The Washington Post

Chief Justice John Roberts stresses frugality in year-end report

The Supreme Court finished its most closely examined term in years last June when it narrowly upheld the Affordable Care Act. On the horizon are potentially landmark decisions on affirmative action and same-sex marriage.

But Chief Justice John G. Roberts Jr. mentioned none of that in his annual year-end Report on the Federal Judiciary, issued Monday.

He stressed frugality rather than controversy in his eighth report as chief justice, saying the federal courts already are doing their part in holding the line on spending.

“No one seriously doubts that the country’s fiscal ledger has gone awry,” Roberts wrote in a report issued as President Obama and congressional leaders continued to work toward a deal on taxes and spending.

“The public properly looks to its elected officials to craft a solution. We in the judiciary stand outside the political arena, but we can continue to do our part to address the financial challenges within our sphere.”

The U.S. Supreme Court building in Washington. (Evan Vucci/AP)

But Roberts said the Supreme Court, all other federal courts, the Federal Judicial Center and the Administrative Office of the United States Courts together consume a “minuscule” portion of the federal budget: $6.97 billion of a $3.7 trillion allocation.

“Yes, for each citizen’s tax dollar, only two-tenths of one penny go toward funding the entire third branch of government!” Roberts wrote. “Those fractions of a penny are what Americans pay for a judiciary that is second to none.”

Some Senate leaders have expressed concern that the judiciary has not developed contingency plans for cuts should congressional leaders not reach an agreement on the “fiscal cliff.”

But Roberts noted that, unlike executive departments, the courts “do not have discretionary programs they can eliminate or projects they can postpone. The courts must resolve all criminal and civil cases that fall within their jurisdiction, often under tight time constraints.”

He repeated his call for the political branches to solve a stalemate that will mean more vacancies on the federal bench at the end of Obama’s first term than there were when he took office in 2009. He did not choose sides in a debate about whether the fault lies with the president’s pace of nominations or Senate Republicans stalling even noncontroversial nominations.

“At the close of 2012, 27 of the existing judicial vacancies are designated as presenting judicial emergencies,” Roberts wrote. “I urge the executive and legislative branches to act diligently in nominating and confirming highly qualified candidates to fill those vacancies.”

Robert Barnes has been a Washington Post reporter and editor since 1987. He has covered the Supreme Court since November 2006.

The Freddie Gray case

Please provide a valid email address.

You’re all set!

Campaign 2016 Email Updates

Please provide a valid email address.

You’re all set!

Get Zika news by email

Please provide a valid email address.

You’re all set!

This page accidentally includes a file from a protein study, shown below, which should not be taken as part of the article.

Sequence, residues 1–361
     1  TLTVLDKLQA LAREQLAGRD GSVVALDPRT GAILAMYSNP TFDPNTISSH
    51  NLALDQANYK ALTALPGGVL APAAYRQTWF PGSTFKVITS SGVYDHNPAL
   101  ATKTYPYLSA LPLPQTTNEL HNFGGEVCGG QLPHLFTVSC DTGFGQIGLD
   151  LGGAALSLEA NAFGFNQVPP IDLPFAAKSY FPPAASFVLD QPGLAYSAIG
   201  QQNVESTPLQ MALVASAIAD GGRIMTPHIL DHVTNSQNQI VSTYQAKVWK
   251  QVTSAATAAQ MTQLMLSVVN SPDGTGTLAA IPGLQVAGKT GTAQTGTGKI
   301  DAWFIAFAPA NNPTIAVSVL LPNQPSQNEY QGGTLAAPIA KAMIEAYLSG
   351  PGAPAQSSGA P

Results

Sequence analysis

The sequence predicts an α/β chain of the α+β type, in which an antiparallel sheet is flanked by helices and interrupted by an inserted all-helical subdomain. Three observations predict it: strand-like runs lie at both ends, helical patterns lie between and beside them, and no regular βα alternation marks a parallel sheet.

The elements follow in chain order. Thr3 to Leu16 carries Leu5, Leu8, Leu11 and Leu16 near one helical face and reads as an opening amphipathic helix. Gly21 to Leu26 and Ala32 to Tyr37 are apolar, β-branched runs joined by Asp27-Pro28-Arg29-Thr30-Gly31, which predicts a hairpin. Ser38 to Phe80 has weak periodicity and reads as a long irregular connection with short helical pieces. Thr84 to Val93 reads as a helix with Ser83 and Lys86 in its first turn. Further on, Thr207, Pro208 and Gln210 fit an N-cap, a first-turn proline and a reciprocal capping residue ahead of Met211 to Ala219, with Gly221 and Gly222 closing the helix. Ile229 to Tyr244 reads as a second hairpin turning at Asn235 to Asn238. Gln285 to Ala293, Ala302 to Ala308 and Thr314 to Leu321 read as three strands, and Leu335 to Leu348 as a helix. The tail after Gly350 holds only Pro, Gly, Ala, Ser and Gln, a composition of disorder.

Comments
Show Comments
The Democrats debated Thursday night. Get caught up on the race.
The Post's Chris Cillizza on the Democratic debate...
On Clinton: She poked a series of holes in Sanders's health-care proposal and broadly cast him as someone who talks a big game but simply can't hope to achieve his goals.

On Sanders: If the challenge was to show that he could be a candidate for people other than those who already love him, he didn't make much progress toward that goal. But he did come across as more well-versed on foreign policy than in debates past.
The PBS debate in 3 minutes
Quoted
We are in vigorous agreement here.
Hillary Clinton, during the PBS Democratic debate, a night in which she and Sanders shared many of the same positions on issues
South Carolina polling averages
Donald Trump leads in the polls as he faces rivals Marco Rubio and Ted Cruz heading into the S.C. GOP primary on Feb. 20.
South Carolina polling averages
The S.C. Democratic primary is Feb. 27. Clinton has a significant lead in the state, whose primary falls one week after the party's Nevada caucuses.
62% 18%
Fact Checker
Trump’s claim that his border wall would cost $8 billion
The billionaire's claim is highly dubious. Based on the costs of the Israeli security barrier (which is mostly fence) and the cost of the relatively simple fence already along the U.S.-Mexico border, an $8 billion price tag is simply not credible.
Pinocchio Pinocchio Pinocchio Pinocchio
The complicated upcoming voting schedule
Feb. 20

Democrats caucus in Nevada; Republicans hold a primary in South Carolina.

Feb. 23

Republicans caucus in Nevada.

Feb. 27

Democrats hold a primary in South Carolina.

Upcoming debates
Feb 13: GOP debate

on CBS News, in South Carolina

Feb. 25: GOP debate

on CNN, in Houston, Texas

March 3: GOP debate

on Fox News, in Detroit, Mich.

Campaign 2016
Where the race stands
Most Read

politics

Success! Check your inbox for details.

See all newsletters

Close video player
Now Playing

To keep reading, please enter your email address.

You’ll also receive from The Washington Post:
  • A free 6-week digital subscription
  • Our daily newsletter in your inbox

Please enter a valid email address

I have read and agree to the Terms of Service and Privacy Policy.

Please indicate agreement.

Thank you.

Check your inbox. We’ve sent an email explaining how to set up an account and activate your free digital subscription.